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Issue L61023

name property includes 'the'
Submitted by: Noel Taylor     Appeared in: Library 6/10 or before     Fixed in: Library 6/11
Problem

Here are two objects, a box and and a book which I have called "book of the ages" entirely so its "name" property can contain the word 'the'. This 'the' is the first of two components which combine to cause the problem.

  Object  -> book "book of the ages"
    with  name 'book' 'of' 'the' 'ages',
          description
              "The book of the ages is
               capped with blotches.",
    has   supporter;

  Object  -> box "box"
    with  name 'box',
          description "This is one awesome box.",
    has   container open;

Interestingly, if you TAKE BOOK and then DROP BOOK IN THE BOX or DROP BOOK INTO THE BOX, everything is fine. However, if you DROP BOOK DOWN THE BOX you get "You can't see any such thing."

Now this is a very silly thing to type, but according to Grammar.h you should be able to and get the same result as in the first two examples. The second of the two components which cause the problem is the placement of the preposition 'down' in line 2 of the grammar for 'drop'. The fact that it is the last alternative preposition listed is for some reason significant.

If you go into line 2 of the grammar and switch the positions of 'into' and 'down' so that it now reads:

  * multiexcept 'in'/'down'/'into' noun -> Insert

suddenly you're able to DROP BOOK DOWN THE BOX but not DROP BOOK INTO THE BOX

Interestingly, if you just type DROP BOOK INTO BOX (instead of THE BOX) everything works fine again.

Solution (by Neil Cerutti)

Adding 'the' to the name property of the book causes the library to misbehave as discovered by Noel, and in addition, creates the following strange situation: it allows 'the', by itself, to mean the book, though it shouldn't mean anything.

Fortunately, you can solve both problems at once using a parse_name routine which restricts the use of 'the'. This routine also restricts the word 'of' since 'of' suffers from similar problems (though as far as I know 'of' doesn't cause the library to malfunction).

This parse_name routine is based on a template provided by Andrew Plotkin's Inform Tricks page (www.eblong.com/zarf/inftricks/):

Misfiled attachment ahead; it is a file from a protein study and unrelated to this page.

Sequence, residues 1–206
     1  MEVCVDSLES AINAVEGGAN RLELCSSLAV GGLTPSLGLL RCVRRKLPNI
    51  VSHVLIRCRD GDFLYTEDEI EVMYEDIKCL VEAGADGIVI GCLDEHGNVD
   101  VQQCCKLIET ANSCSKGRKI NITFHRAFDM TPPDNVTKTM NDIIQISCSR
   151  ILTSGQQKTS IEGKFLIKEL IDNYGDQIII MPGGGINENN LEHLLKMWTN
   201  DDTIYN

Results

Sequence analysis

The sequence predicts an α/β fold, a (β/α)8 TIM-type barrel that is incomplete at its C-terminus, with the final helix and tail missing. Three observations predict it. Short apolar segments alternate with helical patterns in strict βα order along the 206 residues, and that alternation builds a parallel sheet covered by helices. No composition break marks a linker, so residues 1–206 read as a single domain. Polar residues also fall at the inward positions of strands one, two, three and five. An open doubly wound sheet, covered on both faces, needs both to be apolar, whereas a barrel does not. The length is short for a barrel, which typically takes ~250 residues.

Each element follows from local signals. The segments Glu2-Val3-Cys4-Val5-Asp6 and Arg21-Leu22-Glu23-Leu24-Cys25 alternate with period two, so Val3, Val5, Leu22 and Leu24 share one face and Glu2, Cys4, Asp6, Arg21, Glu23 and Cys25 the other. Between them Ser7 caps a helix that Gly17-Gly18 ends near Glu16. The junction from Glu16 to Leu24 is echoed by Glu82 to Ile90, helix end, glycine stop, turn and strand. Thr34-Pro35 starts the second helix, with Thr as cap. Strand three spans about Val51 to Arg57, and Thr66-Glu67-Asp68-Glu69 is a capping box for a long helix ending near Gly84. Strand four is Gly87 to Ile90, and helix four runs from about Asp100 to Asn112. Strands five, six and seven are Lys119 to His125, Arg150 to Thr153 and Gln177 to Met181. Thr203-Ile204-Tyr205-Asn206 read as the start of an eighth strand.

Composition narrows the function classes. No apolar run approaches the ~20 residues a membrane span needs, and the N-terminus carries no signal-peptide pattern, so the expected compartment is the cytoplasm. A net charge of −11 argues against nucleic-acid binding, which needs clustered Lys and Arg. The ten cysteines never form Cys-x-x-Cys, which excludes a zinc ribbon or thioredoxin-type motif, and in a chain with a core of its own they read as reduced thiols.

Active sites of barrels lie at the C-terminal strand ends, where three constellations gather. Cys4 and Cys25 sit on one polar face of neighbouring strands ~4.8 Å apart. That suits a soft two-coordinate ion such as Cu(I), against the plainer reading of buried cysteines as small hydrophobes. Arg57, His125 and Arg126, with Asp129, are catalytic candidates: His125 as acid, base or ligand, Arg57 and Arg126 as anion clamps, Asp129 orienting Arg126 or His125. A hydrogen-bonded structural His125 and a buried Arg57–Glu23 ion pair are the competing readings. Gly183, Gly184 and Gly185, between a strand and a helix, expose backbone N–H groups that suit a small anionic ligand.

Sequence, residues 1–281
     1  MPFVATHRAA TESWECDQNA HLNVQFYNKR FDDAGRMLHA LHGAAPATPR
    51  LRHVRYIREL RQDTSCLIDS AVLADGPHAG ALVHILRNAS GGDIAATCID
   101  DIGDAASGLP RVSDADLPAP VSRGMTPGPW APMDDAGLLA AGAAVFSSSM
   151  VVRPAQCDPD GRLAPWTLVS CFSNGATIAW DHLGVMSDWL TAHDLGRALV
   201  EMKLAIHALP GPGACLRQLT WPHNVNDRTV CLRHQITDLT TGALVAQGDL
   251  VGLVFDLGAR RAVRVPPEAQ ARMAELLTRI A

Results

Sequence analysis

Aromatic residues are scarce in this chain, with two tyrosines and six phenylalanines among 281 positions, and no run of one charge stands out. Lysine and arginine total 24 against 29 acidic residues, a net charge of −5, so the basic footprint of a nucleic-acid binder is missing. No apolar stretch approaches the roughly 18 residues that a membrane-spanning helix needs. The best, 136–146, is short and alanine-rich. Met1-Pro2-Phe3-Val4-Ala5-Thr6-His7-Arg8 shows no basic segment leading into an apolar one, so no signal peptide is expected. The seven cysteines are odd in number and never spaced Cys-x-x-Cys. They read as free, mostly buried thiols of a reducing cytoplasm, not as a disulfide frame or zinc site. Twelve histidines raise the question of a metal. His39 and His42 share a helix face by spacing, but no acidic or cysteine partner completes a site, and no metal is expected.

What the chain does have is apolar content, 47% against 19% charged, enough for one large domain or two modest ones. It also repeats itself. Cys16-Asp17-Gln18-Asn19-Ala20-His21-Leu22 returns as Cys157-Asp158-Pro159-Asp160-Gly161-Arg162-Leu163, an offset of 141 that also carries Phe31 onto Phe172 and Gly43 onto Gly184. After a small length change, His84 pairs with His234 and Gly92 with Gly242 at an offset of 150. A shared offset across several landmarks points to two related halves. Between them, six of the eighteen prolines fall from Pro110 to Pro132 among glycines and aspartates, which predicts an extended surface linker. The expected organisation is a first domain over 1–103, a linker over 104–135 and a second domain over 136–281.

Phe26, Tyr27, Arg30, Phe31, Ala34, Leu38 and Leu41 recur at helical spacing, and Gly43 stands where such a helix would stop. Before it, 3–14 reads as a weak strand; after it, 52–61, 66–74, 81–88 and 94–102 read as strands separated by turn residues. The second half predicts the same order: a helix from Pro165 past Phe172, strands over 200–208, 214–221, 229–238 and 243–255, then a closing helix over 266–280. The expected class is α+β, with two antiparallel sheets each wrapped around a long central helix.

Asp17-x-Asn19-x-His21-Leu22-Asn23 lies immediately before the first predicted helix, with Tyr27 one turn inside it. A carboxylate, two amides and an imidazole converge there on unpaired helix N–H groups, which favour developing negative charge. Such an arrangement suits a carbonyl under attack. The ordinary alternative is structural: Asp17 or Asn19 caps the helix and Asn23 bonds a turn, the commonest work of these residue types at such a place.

name 'the' 'book' 'of' 'ages',
  ! Restrict the words 'the' and 'of'.
  parse_name [ wd num the_num;
      the_num = -1; ! so there will be no match with num for num == 0.
      wd = NextWord();
      while (WordInProperty(wd, self, name)) {
        num++;
        if (wd == 'the' or 'of') the_num = num;
        wd = NextWord();
      }
      if (the_num == num) {
        ! If 'the' or 'of' was the last matched word, parse to just before
        ! the last 'the' or 'of' encountered. This generates a better error
        ! message than just returning 0.
        return the_num-1;
      }
      else return num;
  ],

  >EXAMINE THE BOOK
  You see nothing special about The Book of the Ages.

  >EXAMINE THE BOOK OF THE AGES
  You see nothing special about The Book of the Ages.

  >EXAMINE THE BOOK OF THE
  I only understood you as far as wanting to examine The Book of the Ages.

At this point, I'm not sure if Noel has exposed a library bug and I'm merely providing a workaround, or if using a direct article in a name property is indeed a programming error.

Update (by Cedric Knight)

The code in question is section (F) of Parser__parse, which deals with looking ahead to the indirect object in cases like PUT ALL INTO BAG (a MULTIEXCEPT token) and TAKE ALL FROM BAG (a MULTIINSIDE token). In either case the code seems intended to set the advance_warning global (to BAG) which is useful when making a list for the first object.

Here is a further example. Suppose we are impersonating a guard, like this:

  You are carrying
    the guard's clothes (being worn)
    a bag
    your clothes

(Imagine 'clothes' has 'my' in the name property to distinguish it from the guard's clothes). If we PUT MY CLOTHES INTO MY BAG where we are using the second MY (in the usual Inform way) to specify the bag we are holding, the parser first thinks this second 'MY' refers to the clothes and sets advance_warning to clothes. This item is then excluded from the list of items the direct object 'CLOTHES' could refer to, and we have an empty list and an error message.

I also notice that TAKE ALL FROM THE TABLE (as opposed to TAKE ALL FROM TABLE) doesn't work in many situations (e.g. opening scene, Moments OOT; kitchen table, Reality's End).

Ideally the lookahead code should parse 'descriptors' such as 'THE' or 'MY'. To do this requires inserting two lines inside the preposition test immediately before calling NounDomain. Replace the following lines in parserm (around 1100-1200):

   {   if (NextWord() == line_tdata-->(pcount-1))
       {   l = NounDomain(actors_location, actor,
                    NOUN_TOKEN);

with:

   {   if ( (NextWord()->#dict_par1) &8 ) ! --if IS a preposition
       {
           l = Descriptors(false);  ! skip past THE etc
           if (l~=0) etype=l;  ! don't allow multiple objects

           l = NounDomain(actors_location, actor,
                   NOUN_TOKEN);

The amendment to the first line also fixes the problem with two prepositions after multiinside.


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